systems of finite energy with dissipation the volume
must decay, which requires that S be negative. If S is
positive, then the finite energy condition or the dissipa-
tion condition on the system are not satisfied.
The Lyapunov exponents can be calculated using the
methods of chaos theory developed by the nonlinear
dynamics community. Abarbanel’s book [8] is unique in
that it is a “tool kit” on how the chaotic properties can be
readily determined from the study of an appropriate
scalar time series from that system. A set of programs to
calculate d and the l s is available from Randle Inc. [9] or
from Abarbanel. An outline of the steps from the “tool
kit” is now given.
One starts with the premise that the physical dynamical
system is nonlinear and chaotic. If the system is not
chaotic, then that will be known if none of the Lyapunov
exponents are positive. The first step is selecting a scalar
time series from the physical dynamical system (e.g.
SST3.4). If the time series contains “noise” then it must
be separated by some method such as with a moving
average filter. For the case of the SST3.4 the “noise” is
the seasonal signal. Next, one determines d and the
Lyapunov exponents. For the index time series consi-
dered in this paper, d = 3. The properties of the under-
lying dynamic system are determined from the set of
1) By definition, the system is chaotic if one of the l’s is
2) Since physical systems of finite energy are dissipa-
tive, the sum S of the exponents must be negative.
Such a system will be called well-defined.
3) A system having time series with a positive S will be
called ill-defined. Empirically, it is found that this
case corresponds to the presence of a seasonal sig-
It is postulated that:
The Abarbanel chaos analysis was applied to the
SST3.4, NL, NH , Niño3.4, and NL(Niño3.4) time series.
The first outcome is that for all time series the dimension
d is 3. The Lyapunov exponents and their sum S are
listed in Table 3. In addition, at least one of the Lyapu-
nov exponents is positive, thus verifying the presumption
that these time series come from processes that are
nonlinear and chaotic. This will be explored in a later
publication. The issue of the sum S of exponents is
illustrated in Figure 3. The S for the fundamental time
series SST3.4 is 0.385. This is positive and thus SST3.4 is
ill-defined (by hypothesis because of the seasonal signal).
The new El Niño/La Niña index, NL(SST3.4) has S =
–0.119, which is negative and thus well-defined. For
Nino3.4 (the index derived by subtracting the climatology
from SST3.4) the S is +0.198 which has been somewhat
reduced from that of SST3.4 but is still positive and thus
Table 3. Lyapunov exponents.
Lyapunov Exponents (months–1)
SST3.4 NL NH Nino3.4 F(Nino3.4)
λ1 0.587 0.243 0.781 0.560 0.315
λ2 0.220 0.031[zero] 0.356 0.241 0.051 [zero]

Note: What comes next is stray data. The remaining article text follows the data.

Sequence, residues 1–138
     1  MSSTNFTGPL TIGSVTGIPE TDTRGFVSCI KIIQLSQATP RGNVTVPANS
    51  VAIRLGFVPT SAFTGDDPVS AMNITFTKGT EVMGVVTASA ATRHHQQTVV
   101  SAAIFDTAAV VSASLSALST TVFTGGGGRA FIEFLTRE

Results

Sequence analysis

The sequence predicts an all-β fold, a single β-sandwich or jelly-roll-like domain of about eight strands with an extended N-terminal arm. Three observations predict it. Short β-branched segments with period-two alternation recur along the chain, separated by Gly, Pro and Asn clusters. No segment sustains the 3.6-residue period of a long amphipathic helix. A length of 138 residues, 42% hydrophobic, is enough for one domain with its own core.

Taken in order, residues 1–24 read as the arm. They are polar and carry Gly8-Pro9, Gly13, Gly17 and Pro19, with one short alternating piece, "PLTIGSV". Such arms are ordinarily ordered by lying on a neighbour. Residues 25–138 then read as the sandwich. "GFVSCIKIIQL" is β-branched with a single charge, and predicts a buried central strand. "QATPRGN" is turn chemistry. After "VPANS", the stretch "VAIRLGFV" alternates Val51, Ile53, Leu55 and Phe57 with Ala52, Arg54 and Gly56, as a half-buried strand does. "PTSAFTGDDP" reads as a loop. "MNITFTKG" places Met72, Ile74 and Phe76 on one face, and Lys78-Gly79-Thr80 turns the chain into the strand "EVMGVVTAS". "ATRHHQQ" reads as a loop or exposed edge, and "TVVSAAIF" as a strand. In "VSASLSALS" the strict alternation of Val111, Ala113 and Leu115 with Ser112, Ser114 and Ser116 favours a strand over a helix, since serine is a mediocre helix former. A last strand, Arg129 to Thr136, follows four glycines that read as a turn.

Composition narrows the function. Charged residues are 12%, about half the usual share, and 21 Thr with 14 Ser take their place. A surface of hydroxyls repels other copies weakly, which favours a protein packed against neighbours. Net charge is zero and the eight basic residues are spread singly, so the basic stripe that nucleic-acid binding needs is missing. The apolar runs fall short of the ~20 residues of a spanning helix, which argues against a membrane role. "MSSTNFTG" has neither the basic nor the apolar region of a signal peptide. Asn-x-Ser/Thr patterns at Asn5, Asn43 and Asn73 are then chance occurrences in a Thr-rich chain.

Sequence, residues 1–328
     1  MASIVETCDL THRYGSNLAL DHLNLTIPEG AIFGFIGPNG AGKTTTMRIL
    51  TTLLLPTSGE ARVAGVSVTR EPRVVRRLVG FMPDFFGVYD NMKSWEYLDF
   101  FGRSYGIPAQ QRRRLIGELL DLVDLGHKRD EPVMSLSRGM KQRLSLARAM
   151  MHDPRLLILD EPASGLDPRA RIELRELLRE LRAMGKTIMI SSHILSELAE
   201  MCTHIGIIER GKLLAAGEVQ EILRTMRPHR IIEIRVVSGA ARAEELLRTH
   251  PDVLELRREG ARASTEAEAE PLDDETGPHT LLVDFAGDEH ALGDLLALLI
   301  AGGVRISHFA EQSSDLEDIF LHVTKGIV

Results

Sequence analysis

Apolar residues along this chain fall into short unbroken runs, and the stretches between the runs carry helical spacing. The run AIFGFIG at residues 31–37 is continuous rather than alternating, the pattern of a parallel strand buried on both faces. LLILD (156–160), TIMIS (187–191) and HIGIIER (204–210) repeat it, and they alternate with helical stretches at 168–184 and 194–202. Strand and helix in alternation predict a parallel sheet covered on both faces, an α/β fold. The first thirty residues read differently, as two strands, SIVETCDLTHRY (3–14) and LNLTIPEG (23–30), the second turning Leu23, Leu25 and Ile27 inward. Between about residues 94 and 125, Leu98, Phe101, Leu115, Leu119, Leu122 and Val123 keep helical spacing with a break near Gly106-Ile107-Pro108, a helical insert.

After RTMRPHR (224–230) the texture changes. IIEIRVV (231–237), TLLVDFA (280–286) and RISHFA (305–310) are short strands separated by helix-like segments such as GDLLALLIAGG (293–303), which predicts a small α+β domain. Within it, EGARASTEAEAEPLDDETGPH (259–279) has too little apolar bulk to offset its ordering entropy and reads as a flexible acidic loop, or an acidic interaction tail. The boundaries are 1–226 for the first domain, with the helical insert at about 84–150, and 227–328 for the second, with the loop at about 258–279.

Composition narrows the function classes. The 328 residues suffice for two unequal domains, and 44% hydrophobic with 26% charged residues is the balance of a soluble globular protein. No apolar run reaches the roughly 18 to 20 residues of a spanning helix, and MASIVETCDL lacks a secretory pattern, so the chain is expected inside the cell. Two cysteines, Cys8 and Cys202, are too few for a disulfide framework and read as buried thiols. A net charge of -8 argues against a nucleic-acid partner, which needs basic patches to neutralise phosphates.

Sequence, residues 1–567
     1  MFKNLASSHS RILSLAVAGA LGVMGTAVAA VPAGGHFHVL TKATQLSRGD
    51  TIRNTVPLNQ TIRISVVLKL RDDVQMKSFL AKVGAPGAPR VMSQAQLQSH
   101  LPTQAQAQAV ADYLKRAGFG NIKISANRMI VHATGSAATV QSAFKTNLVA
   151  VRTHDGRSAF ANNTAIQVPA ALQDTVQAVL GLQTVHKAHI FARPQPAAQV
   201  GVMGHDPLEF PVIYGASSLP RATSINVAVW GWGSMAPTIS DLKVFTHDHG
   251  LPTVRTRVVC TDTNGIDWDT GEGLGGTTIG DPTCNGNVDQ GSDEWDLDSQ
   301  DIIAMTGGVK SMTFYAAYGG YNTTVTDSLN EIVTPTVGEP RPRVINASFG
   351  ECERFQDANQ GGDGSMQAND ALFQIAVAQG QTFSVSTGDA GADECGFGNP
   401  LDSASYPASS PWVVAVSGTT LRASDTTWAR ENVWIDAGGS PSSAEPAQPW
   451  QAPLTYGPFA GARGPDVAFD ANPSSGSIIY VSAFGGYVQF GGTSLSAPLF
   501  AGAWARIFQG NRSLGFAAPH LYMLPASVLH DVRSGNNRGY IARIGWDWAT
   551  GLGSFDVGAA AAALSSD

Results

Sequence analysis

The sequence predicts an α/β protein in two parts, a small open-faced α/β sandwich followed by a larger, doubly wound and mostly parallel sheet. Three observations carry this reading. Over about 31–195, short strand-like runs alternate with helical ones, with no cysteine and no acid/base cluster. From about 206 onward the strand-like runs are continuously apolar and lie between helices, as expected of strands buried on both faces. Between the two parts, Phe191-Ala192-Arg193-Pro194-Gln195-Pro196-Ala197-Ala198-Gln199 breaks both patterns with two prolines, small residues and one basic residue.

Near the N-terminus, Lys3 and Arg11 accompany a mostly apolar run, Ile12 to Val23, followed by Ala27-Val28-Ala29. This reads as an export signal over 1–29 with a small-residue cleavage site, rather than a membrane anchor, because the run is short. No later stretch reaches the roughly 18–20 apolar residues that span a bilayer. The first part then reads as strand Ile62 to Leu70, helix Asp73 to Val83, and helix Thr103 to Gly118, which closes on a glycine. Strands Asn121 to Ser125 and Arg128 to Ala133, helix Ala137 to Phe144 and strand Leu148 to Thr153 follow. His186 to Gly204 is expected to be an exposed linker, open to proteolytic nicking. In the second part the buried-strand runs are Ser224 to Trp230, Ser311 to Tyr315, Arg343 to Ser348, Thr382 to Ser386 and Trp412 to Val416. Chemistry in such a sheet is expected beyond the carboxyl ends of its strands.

λ3 –0.422 –0.393 –0.327 –0.503 –0.446
dE = dL = 3
Sum 0.385 –0.119 0.814 0.198 –0.080
Note B A B B A
Note A: Sum of exponents < 0. The time series is well-defined. Sum of exponents < 0 means dissipative. If, in addition, one of the exponents = 0, then the
dynamics can be described by ordinary differential equations. Note B: Sum of exponents > 0. The time series is ill-defined due to a lack of separation of the
seasonal effect.
If S is negative, the index is season free.
If S is positive, the index contains a seasonal signal.
Copyright © 2011 SciRes. IJG
Figure 3: Schematic showing the sum of Lyapunov expo-
nents of various indices derived from Region3.4. From the
chaos test that the sum of the Lyapunov exponents must be
negative one finds that only NL(SST3.4) and NL(Nino3.4) are
well-defined. Numbers in parentheses are the variances
from Table 1. Arrows labeled with F indicates a process
that used the 12-month digital filter.
ill-defined; by hypothesis, the seasonal signal has not
been completely separated. However, NL(Nino3.4) (ap-
plying filter F to Nino3.4) has an S of –0.080 in- dicating
that this index is well-defined.
5. Summary and Conclusions
The commonly used climatology method of subtracting
constant seasonal values of SST3.4 to produce the widely
used El Niño/La Niña index Nino3.4 is shown to fail
because this index still contains a substantial seasonal
signal. Furthermore, no set of constant seasonal values
will remove the seasonal signal because the seasonal
values are not constant.
A different scheme is given that does not use the
climatology method. Using a moving average filter F one
can create a signal NL that contains the low frequency
effect of interest, such as the El Niño/La Niña phenome-
non, and a high frequency signal NH that contains the
seasonal signal. Various tests including one based upon
chaos properties show that NL is “seasonal free”.
These results are applicable to other geophysical mea-
6. Acknowledgements
Many helpful discussions were held with H. D. I. Arbar-
banel and R. S. Knox.
7. References
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[2] A. V. Federov and S. G. Philander, “Is El Nino Sporadic
or Cyclic?” Annual Review of Earth and Planetary Sci-
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[3] NOAA/CPC. SST Data and Indices at 2009.
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[5] S. W. Smith, “The Scientists and Engineer’s Guide to
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Diego, 1997.
[6] NOAA, World Meteorological Organization Adopts Con-